Using Supermetrics, you can segment different marketing channels in multiple ways in Google Sheets then use your sheets skills to make reports that really stand out. They also have a Google Data Studio connector that allows you to connect major marketing platforms directly for reporting.

Cost: Supermetrics has a free 14-day trial and then goes to a paid plan which starts at $69 usd/month. There is a free plan but it only includes a Google Analytics integration.

Click here to read a Supermetrics review.

Click here to visit Supermetrics' website.

2d.) Funnel is an enterprise software that allows for automated data collection and marketing reports. Funnel has many integrations available - they have integrations with over 500 data sources.

Funnel has a lot of different features, and one of those features is the ability to export your Funnel data to Google Sheets. So what you would do is connect your data source to the Funnel software, and then export the data to Google Sheets.

With the Funnel software, you would be working outside of Google Sheets, like Zapier, instead of directly in Google Sheets as with Supermetrics or Apipheny.

In this tutorial, the Funnel team shows you step-by-step how to connect your Funnel data to your Google Sheet and then schedule it as a task to refresh daily.

Cost: Funnel starts at $499 usd/month and their pricing is based on your ad spend.

If you only need a JSON connector, and want to keep costs down, then Funnel and Supermetrics may not be the right choice unless you have a need for more of their features.

There's many other tools and alternatives to the tools mentioned above available depending on your needs.

3.) Hire A Freelancer

The third best option to connect JSON data sources to Sheets is simply to hire a data analyst to do it for you, or a developer to create a custom solution for you.

3a.) Hire a data analyst

A data analyst will either use a no-code tool such as the ones I covered in section 2 above, or they'll create a custom solution.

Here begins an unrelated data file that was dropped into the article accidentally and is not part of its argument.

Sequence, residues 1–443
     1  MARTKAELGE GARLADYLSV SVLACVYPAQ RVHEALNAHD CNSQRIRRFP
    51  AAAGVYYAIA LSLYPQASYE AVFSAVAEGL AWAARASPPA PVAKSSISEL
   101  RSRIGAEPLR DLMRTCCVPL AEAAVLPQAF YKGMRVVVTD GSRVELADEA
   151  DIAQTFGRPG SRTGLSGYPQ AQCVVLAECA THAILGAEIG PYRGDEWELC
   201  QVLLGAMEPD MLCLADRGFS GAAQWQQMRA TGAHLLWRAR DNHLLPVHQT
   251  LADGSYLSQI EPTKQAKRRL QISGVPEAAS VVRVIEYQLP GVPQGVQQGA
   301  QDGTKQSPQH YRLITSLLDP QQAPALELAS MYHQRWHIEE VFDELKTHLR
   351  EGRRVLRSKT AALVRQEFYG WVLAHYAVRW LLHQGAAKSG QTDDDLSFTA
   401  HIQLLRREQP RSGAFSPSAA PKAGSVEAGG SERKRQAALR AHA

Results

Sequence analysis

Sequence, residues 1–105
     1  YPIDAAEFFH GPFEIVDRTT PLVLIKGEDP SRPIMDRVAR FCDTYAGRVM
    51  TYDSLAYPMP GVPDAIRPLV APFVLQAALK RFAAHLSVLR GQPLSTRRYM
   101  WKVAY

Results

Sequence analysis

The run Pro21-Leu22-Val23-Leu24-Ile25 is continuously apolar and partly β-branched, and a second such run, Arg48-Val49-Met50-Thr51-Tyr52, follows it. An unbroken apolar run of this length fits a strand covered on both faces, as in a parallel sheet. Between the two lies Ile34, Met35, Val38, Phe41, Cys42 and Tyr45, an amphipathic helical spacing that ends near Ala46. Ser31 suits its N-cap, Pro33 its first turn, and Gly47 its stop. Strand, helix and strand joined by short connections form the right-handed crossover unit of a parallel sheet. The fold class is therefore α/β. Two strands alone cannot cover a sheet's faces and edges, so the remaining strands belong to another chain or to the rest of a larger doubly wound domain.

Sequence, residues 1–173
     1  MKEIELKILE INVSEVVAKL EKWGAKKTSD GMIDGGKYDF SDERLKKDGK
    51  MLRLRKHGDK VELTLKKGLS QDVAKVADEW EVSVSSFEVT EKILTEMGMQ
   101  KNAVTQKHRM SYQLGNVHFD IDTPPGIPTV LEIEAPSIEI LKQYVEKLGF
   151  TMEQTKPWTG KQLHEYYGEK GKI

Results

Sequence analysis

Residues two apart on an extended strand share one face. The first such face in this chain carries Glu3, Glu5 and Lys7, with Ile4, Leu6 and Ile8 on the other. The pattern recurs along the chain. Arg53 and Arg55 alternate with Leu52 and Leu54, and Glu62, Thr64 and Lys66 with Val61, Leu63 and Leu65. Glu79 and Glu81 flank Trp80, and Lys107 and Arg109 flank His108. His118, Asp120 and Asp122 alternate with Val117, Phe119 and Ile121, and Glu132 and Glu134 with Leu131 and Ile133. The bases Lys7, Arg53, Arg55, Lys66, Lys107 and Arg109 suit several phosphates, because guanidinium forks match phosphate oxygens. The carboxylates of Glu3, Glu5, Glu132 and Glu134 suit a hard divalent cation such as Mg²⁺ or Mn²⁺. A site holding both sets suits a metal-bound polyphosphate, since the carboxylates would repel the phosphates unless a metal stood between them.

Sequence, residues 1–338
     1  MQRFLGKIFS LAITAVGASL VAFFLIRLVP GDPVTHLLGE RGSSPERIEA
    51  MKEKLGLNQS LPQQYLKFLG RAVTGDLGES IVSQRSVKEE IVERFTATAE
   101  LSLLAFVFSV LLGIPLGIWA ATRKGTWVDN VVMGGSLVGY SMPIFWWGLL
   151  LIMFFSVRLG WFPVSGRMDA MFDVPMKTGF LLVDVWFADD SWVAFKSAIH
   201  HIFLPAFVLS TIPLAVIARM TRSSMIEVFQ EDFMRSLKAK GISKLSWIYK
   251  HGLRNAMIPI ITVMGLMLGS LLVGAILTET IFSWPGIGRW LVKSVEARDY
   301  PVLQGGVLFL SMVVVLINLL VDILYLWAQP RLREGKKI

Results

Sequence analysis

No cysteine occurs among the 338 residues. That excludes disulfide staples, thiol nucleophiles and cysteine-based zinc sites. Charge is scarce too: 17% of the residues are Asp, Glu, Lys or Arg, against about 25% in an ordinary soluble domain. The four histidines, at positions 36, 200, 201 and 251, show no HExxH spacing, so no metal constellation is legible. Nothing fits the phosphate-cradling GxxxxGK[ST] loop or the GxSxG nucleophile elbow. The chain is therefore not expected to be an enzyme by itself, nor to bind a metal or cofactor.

You can hire a freelance data analyst on a website such as Upwork or Toptal.


On Upwork, you can post a job for free and start getting applicants almost immediately. It's free to post a job on Upwork but making it a featured job for $29.99 helps get more applicants.

I've been using Upwork for years now for a wide variety of projects and have been satisfied with the results. You have to interview and hire a freelancer yourself. It's a good option for small business owners.

Click here to see data analysts on Upwork and then just create an account and start a job post. Choose data analyst as the category.


Toptal is another freelancer website but it's more exclusive. Toptal puts its applicants through a difficult hiring process and they claim to only hire the top 3% of freelance talent.

So if you want a true expert to help you out, Toptal might be the place to get it, but with that expertise comes a bigger price tag.

Click here to see data analysts on Toptal (if the popup shows, you can click the "No Thanks" button at the bottom).


At Apipheny we have Google Sheets experts and developers for hire. Click here to learn more.

My friend and colleague, Nate Page, is a freelance data analyst who has experience working with JSON:

You could also look for a freelance data analyst on a website like Craigslist, Linkedin, etc.

3b.) Hire a developer

If you think the scope of your project calls for a custom solution with features that other software doesn't provide, or you just want to be in control of the product, you could always hire a developer to help you out.

You'll have the best luck if you specifically look for a Google Apps Script developer on a freelance site like Upwork or Fiverr.

The right developer for you will depend on the scope of your project. You'll have to send your project brief/details to freelancers and interview them to see who's the best fit.

Click here to learn more about hiring a developer.

Final Words

Importing JSON is easy with all the available resources these days.

The right option for you will depend on certain factors such as the scope of your project, your technical experience (whether you can/want to do it yourself), and your budget.

The most cost effective way to pull JSON into Google Sheets is to code it yourself or use a free, publicly available script, as we covered in section 1.

In section 2, we covered a range of products that have been purpose built to help people connect JSON API data sources with Google Sheets.

And in section 3, I gave you some resources for finding someone to help get it done for you.

If you want to use a free data visualizer to present your JSON data in pretty charts, you can connect your Google Sheets to Google Data Studio and even embed it on a website.

If you have any comments or questions, just let me know in the comments.